The PSA Population Report reveals that the Gehrig (#141) is the most frequently submitted card. Fifteen have been evaluated, with PSA EX 5 being the highest grade assigned. A PSA 5 sold for $999.95 on eBay in April 2010.

Young Collins Koufax
Young Collins Koufax

The Sandy Koufax (#162) card is also highly coveted. Taniguchi points out that this card is part of the Koufax Master Set on the PSA Set Registry, so competition for it can be fierce.

"The majority of the Retirado cards were issued after the player's career was completed, which eliminates most of the cards from qualifying for inclusion in a Master Player Set," explained Taniguchi. "The Sandy Koufax card may be the only card from the set that is included in a Master Player Set, since Koufax retired after the 1966 season and is featured on the National League Leader cards from the 1967 Topps domestic baseball issue."

Thirteen Koufax cards have been submitted and there is one PSA NM 7 (with no cards grading higher). One PSA VG-EX 4 sold for $3,650 on eBay in September 2007.

Campanella
Campanella

With just three submissions, the Warren Spahn (#152) is the lowest population single (See Accompanying Chart) from this series. A PSA PR 1 Spahn sold for $125.77 on eBay in September 2008.

"That card is very hard to find," said Neal, who owns a PSA PR 1 example.

There's also an error card in this set. The Ted Kluszewski single (#183) features a photo of Tigers pitcher Gene Bearden. This card was not corrected.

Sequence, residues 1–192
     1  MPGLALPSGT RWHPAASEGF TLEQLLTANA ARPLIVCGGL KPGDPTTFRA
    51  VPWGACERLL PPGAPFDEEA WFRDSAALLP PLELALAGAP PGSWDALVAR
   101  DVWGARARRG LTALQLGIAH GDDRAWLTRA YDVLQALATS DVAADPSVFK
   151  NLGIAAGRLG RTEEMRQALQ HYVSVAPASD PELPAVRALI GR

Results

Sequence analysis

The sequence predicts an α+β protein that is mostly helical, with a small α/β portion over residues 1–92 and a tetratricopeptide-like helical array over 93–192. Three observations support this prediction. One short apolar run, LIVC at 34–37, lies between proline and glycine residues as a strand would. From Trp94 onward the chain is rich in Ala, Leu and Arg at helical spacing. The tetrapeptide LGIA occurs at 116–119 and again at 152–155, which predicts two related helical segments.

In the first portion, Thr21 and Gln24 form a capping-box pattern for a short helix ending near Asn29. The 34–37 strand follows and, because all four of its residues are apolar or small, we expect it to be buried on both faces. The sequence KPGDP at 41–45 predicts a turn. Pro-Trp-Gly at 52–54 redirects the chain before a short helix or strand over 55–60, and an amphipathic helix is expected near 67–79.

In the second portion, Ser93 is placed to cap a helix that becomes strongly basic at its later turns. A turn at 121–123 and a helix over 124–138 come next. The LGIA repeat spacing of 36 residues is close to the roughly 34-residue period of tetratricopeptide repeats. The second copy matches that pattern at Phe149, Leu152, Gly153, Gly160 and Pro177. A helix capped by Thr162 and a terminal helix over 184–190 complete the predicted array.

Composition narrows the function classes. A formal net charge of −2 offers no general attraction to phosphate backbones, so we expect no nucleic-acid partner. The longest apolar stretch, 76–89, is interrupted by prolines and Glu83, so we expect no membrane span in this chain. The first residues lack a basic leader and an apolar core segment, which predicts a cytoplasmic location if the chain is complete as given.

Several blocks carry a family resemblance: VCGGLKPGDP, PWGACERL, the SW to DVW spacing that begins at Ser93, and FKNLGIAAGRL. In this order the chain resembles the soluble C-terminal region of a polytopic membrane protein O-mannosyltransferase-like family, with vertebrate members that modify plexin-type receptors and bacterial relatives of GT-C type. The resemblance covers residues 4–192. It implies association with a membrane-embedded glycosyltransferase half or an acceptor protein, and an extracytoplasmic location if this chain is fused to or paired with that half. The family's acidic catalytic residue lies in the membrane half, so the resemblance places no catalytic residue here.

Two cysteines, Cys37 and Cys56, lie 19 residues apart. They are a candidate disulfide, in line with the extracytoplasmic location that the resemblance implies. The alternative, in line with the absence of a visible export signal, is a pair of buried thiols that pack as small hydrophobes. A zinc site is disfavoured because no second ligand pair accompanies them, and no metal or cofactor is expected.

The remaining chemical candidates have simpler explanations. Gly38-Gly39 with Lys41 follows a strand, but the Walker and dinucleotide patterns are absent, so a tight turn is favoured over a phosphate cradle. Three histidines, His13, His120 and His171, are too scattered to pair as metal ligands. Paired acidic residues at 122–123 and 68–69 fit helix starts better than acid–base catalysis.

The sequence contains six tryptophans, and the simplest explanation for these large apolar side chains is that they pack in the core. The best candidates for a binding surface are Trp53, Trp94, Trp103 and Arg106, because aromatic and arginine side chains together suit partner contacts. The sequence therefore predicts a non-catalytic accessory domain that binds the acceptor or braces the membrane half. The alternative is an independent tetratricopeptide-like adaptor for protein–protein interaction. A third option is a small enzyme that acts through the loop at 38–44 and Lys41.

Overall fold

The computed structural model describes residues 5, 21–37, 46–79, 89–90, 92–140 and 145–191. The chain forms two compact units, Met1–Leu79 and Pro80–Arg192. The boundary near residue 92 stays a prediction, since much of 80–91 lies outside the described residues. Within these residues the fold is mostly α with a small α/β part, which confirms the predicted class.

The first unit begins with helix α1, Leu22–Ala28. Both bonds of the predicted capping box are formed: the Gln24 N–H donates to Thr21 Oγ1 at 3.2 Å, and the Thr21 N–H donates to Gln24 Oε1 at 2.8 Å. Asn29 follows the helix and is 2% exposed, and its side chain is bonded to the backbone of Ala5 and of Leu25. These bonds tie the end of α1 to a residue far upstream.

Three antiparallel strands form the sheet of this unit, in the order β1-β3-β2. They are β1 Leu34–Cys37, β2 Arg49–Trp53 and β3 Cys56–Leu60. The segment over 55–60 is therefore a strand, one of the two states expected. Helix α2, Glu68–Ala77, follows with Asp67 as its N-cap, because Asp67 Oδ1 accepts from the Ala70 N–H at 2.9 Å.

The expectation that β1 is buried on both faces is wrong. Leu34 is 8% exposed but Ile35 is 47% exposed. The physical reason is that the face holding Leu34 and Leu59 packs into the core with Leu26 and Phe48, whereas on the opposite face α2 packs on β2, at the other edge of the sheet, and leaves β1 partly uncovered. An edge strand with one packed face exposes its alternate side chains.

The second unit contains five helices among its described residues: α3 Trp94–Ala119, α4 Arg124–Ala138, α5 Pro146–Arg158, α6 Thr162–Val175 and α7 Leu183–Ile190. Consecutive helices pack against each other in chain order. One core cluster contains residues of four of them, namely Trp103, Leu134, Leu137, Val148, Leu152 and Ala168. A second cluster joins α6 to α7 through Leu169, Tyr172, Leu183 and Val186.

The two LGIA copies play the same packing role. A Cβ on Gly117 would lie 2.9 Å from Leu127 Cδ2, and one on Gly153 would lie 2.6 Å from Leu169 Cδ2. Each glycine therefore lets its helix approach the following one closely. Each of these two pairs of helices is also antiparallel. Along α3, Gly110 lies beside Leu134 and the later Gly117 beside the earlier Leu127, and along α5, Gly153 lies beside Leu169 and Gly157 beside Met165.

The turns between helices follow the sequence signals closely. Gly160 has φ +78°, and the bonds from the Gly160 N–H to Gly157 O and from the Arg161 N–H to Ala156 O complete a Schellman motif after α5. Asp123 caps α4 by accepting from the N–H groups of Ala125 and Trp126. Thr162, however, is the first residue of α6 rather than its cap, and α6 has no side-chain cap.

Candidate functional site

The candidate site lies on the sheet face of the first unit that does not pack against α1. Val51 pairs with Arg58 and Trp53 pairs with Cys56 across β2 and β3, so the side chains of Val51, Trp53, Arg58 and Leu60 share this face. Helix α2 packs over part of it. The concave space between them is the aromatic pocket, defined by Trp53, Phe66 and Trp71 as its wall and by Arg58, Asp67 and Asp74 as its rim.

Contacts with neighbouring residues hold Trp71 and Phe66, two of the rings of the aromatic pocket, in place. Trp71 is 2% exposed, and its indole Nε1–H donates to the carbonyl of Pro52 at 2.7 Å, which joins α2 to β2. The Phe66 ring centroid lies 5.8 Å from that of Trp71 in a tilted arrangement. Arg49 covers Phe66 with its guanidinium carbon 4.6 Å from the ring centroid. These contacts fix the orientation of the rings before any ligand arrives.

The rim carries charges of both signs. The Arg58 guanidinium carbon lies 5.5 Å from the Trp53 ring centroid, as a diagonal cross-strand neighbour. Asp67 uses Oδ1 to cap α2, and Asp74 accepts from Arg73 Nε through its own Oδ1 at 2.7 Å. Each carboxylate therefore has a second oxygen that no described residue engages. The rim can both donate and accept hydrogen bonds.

Alpert says cards of Latin players - Alex Carrasquel (#176), Alfonso Carrasquel (#181), Bobby Avila (#185), Minnie Minoso (#187) and Connie Marrero (#188) - are generally the most difficult to find in high-grade. These cards were highly sought-after by local collectors, and most copies uncovered today are in rough condition. The highest graded copy of Alex Carrasquel, for example, is a PSA GOOD 2. A PSA PR 1 Marrero sold for $252.27 on eBay in October 2008.

But most cards in this series are difficult to track down in top condition. Neal realized this early in his quest, and a testament to how elusive these cards are in high-grade is that it took him 10 years to put together his No. 1 registry set that boasts a 3.46 GPA.

"As with all Venezuelan cards of this era, the cards were printed on lower grade card stock without a glossy front finish, which also seems softer and more prone to wear than the card stock used by Topps for the U.S. domestic baseball card sets," said Taniguchi.

Robinson

The veteran collector also adds that many of these cards were pasted or taped into an album.

"Venezuelan cards were often stored in a specially-made album, which meant that the backs of the cards are often found with tape, glue stains and/or paper loss, the latter of which almost always reduces the maximum potential PSA grade to a (PSA GOOD) 2," said Taniguchi.

The small white borders on the card fronts also make these cards susceptible to miscuts and the green borders on the backs readily showcase chipping.

These condition issues, combined with the scarcity of these cards, can create fierce competition for high-grade examples.

"There can be some serious competition for sure," said Neal.

This competition, however, is just another minor obstacle for these determined collectors to overcome in assembling this challenging set of baseball legends.


A special thanks to Josh Alpert and Kirk H. Taniguchi for their extra efforts on this article. Please contact Kevin Glew at [email protected] if you have any additional information or comments. Kirk H. Taniguchi and Richard Neal provided pictures for this article. Please note that the Population Report figures quoted and Set Registry rankings reported are those as of press time.